The Cayuga Lake Watershed Network (CLWN) identifies key threats to Cayuga Lake and its watershed, and advocates for solutions that support a healthy environment and sustainable, vibrant communities.
CLWN maintains communications and networking between project partners and the watershed public, including public agencies, concerned residents, and municipalities.
Discover Cayuga Lake (DCL) provides experiential learning opportunities that promote academic achievement, environmental literacy, and lifelong relationships with the waterways that define our communities.
During their daily voyages, DCL keeps a close eye on Cayuga Lake, monitors changes in the lake’s phytoplankton community, and educates passengers of all ages on cyanobacteria blooms and what’s being done to address them.
The Cayuga Lake HABs Monitoring Program would not be possible without the support and engagement of the Cayuga Lake community. In 2019, over 80 volunteers are participating in the Cayuga Lake HABs Monitoring Program, monitoring over 45% of the Cayuga Lake shoreline.
We strive to increase community participation and monitoring coverage as the program continues to grow.
Become a HABs Harrier!
After attending a volunteer training workshop, led by CSI and the New York State DEC, prospective HABs Harriers are asked to decide on a section of Cayuga Lake shoreline they feel comfortable monitoring on a weekly basis. These sections of shoreline, or zones, are then mapped and assigned unique codes for bloom tracking and reporting purposes.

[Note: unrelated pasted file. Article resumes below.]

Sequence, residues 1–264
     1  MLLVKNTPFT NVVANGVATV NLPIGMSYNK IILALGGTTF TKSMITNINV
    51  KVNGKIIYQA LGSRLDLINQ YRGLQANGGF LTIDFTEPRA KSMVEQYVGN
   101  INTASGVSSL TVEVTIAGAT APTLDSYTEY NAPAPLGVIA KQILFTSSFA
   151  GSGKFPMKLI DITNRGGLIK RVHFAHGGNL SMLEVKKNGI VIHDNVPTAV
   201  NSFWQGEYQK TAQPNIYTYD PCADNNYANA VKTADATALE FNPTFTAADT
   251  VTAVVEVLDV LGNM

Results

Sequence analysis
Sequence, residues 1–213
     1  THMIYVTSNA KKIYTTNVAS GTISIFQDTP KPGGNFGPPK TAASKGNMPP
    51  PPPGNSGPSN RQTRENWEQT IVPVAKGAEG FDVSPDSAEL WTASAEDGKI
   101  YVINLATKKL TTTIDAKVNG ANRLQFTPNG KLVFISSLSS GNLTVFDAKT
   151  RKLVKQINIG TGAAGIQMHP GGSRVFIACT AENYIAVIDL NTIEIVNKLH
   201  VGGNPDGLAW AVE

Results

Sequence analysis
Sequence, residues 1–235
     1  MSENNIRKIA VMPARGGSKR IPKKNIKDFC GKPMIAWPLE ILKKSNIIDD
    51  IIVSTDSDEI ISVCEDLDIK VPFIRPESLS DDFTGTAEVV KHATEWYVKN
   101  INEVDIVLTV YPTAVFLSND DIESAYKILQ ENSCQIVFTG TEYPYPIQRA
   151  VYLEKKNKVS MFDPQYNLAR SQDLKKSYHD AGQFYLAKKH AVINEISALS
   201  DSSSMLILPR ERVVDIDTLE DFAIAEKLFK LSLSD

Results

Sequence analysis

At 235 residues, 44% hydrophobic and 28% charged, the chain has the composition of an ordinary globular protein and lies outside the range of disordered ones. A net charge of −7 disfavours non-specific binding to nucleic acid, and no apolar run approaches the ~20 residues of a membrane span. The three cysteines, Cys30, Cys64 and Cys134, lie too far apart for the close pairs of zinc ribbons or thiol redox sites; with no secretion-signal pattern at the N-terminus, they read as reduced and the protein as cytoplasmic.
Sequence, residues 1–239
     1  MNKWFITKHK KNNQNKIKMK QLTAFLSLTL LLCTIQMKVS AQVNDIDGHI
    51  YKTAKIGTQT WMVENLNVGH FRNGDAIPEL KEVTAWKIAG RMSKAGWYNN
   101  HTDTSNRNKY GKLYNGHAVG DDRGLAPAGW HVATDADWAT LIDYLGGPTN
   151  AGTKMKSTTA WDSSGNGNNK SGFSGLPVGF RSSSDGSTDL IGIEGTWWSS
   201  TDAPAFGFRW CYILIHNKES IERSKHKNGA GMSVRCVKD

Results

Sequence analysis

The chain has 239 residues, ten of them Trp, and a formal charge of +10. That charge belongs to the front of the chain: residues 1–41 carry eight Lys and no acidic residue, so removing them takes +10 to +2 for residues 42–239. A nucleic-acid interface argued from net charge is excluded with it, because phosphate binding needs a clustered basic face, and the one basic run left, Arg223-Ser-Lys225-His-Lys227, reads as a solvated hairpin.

Starting in July, HABs Harriers survey their assigned zone once every week until the end of September – reporting if they observe a suspicious bloom on the shoreline or not, and if so, collecting a sample of the suspicious bloom. Additionally, four Quadrant Leaders, covering the northeast, southeast, southwest, and northwest sections of Cayuga Lake, provide support, back-up, and encouragement to the Harriers in their quadrant. Harriers, or Quadrant Leaders if need be, transport suspicious bloom samples to CSI’s lab in Ithaca where they are analyzed for parameters that help assess bloom composition, density, and toxicity. The results of CSI lab analysis of bloom samples are then reported on the HABs Reporting Page. These results are also sent to the DEC to be reported on the NYHABs statewide reporting page.
The HABs Hotline – overseen by the program coordinators of the Cayuga Lake Water Quality Consortium and the Quadrant Leaders – makes it possible for members of the general public to report suspicious algal blooms and play an active role in the community based effort that supports effective HABs management.
To view the most recent testing results visit the Cayuga Lake HABs Reporting Page.
The CSI lab is equipped to perform three analyses on suspicious blooms: microscopy, total chlorophyll a, and microcystin. If initial inspection under the microscope confirms the presence of cyanobacteria, then chlorophyll a and microcystin analyses are performed.
Total Chlorophyll a
CSI’s Water Quality Indicators: Chloride in Context As someone who drives route
At Community Science Institute (CSI), environmental education is a core part of